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A solution concept in game theory | |

Relationship | |

Subset of | Subgame perfect equilibrium, Perfect Bayesian equilibrium, Sequential equilibrium |

Significance | |

Proposed by | Reinhard Selten |

Used for | Extensive form games |

There are two possible ways of extending the definition of trembling hand perfection to extensive form games.

- One may interpret the extensive form as being merely a concise description of a normal form game and apply the concepts described above to this normal form game. In the resulting perturbed games, every strategy of the extensive-form game must be played with non-zero probability. This leads to the notion of a
**normal-form trembling hand perfect equilibrium**. - Alternatively, one may recall that trembles are to be interpreted as modelling mistakes made by the players with some negligible probability when the game is played. Such a mistake would most likely consist of a player making another move than the one intended at some point during play. It would hardly consist of the player choosing another strategy than intended, i.e. a wrong plan for playing the entire game. To capture this, one may define the perturbed game by requiring that every move at every information set is taken with non-zero probability. Limits of equilibria of such perturbed games as the tremble probabilities goes to zero are called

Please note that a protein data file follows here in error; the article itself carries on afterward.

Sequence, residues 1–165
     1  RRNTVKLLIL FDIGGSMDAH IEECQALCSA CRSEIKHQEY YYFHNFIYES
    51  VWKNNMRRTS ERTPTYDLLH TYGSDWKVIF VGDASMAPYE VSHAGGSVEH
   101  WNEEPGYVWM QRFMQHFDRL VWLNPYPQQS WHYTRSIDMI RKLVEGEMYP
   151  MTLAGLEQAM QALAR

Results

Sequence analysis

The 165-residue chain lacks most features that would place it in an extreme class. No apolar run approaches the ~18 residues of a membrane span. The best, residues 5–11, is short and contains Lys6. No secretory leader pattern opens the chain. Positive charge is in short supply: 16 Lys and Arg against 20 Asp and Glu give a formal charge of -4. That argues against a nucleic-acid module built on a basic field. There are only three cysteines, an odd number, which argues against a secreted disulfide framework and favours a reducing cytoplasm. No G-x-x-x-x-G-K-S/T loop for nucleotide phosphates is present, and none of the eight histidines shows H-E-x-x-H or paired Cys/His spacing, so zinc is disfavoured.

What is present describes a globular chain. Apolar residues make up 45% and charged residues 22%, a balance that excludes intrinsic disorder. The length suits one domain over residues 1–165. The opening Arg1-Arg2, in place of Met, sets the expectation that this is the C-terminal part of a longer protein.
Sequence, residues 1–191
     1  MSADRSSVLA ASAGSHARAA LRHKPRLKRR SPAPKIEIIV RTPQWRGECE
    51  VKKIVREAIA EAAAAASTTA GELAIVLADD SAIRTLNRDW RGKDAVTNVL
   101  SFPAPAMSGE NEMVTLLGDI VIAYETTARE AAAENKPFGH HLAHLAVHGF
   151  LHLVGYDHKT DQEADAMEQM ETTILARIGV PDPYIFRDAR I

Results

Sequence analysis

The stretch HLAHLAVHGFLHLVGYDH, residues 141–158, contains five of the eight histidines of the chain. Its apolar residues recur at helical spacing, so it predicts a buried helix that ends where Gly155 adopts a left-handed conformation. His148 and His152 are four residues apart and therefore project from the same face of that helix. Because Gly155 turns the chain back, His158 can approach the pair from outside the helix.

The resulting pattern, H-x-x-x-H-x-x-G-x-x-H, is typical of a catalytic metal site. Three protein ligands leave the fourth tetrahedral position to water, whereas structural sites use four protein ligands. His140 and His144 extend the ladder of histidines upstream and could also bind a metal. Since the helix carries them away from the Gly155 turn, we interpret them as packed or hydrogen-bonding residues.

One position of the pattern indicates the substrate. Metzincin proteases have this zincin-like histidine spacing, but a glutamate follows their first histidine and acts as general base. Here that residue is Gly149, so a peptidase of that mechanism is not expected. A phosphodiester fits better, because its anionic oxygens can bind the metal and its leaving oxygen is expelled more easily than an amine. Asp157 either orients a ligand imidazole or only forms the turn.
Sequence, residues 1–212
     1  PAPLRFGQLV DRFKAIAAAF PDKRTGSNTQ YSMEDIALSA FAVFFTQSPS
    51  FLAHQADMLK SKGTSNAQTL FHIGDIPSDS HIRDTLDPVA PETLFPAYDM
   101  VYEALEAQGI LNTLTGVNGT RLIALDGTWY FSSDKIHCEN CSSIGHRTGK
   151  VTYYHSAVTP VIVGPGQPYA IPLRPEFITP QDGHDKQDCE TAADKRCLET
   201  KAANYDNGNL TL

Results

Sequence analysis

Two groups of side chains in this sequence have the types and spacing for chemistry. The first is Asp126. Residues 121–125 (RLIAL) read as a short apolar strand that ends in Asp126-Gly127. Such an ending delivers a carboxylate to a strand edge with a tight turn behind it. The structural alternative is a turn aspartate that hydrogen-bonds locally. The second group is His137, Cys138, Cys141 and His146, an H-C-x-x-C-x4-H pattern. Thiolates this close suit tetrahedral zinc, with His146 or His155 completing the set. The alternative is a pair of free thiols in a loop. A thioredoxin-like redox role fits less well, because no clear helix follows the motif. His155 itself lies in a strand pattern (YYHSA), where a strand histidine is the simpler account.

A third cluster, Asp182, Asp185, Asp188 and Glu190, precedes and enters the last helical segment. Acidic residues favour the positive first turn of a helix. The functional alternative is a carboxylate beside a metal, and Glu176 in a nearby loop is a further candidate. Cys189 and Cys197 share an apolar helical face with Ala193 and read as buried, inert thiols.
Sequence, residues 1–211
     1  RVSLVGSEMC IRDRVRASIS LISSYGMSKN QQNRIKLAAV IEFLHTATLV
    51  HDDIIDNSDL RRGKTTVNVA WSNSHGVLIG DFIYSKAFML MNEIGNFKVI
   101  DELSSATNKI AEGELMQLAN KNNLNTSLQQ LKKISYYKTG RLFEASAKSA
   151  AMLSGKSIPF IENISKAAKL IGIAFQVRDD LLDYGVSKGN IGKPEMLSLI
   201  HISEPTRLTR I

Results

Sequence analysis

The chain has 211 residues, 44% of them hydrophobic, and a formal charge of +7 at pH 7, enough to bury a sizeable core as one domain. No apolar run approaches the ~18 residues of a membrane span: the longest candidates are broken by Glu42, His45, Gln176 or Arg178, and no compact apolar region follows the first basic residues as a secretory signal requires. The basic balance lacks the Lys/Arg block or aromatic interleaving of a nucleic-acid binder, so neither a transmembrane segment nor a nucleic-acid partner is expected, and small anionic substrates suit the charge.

**extensive-form trembling hand perfect equilibria**.

The notions of normal-form and extensive-form trembling hand perfect equilibria are incomparable, i.e., an equilibrium of an extensive-form game may be normal-form trembling hand perfect but not extensive-form trembling hand perfect and vice versa. As an extreme example of this, Jean-François Mertens has given an example of a two-player extensive form game where no extensive-form trembling hand perfect equilibrium is admissible, i.e., the sets of extensive-form and normal-form trembling hand perfect equilibria for this game are disjoint.^{[citation needed]}

An extensive-form trembling hand perfect equilibrium is also a sequential equilibrium. A normal-form trembling hand perfect equilibrium of an extensive form game may be sequential but is not necessarily so. In fact, a normal-form trembling hand perfect equilibrium does not even have to be subgame perfect.

## Problems with perfection[edit]

Myerson (1978)^{[4]} pointed out that perfection is sensitive to the addition of a strictly dominated strategy, and instead proposed another refinement, known as proper equilibrium.

## References[edit]

**^**Selten, R. (1975). "A Reexamination of the Perfectness Concept for Equilibrium Points in Extensive Games".*International Journal of Game Theory*.**4**(1): 25–55. doi:10.1007/BF01766400.**^**Selten, R.: Reexamination of the perfectness concept for equilibrium points in extensive games. Int. J. Game Theory4, 1975, 25–55.**^**Van Damme, Eric (1987).*Stability and Perfection of Nash Equilibria*. doi:10.1007/978-3-642-96978-2. ISBN 978-3-642-96980-5.**^**Myerson, Roger B. "Refinements of the Nash equilibrium concept." International journal of game theory 7.2 (1978): 73-80.

## Further reading[edit]

- Osborne, Martin J.; Rubinstein, Ariel (1994).
*A Course in Game Theory*. MIT Press. pp. 246–254. ISBN 9780262650403.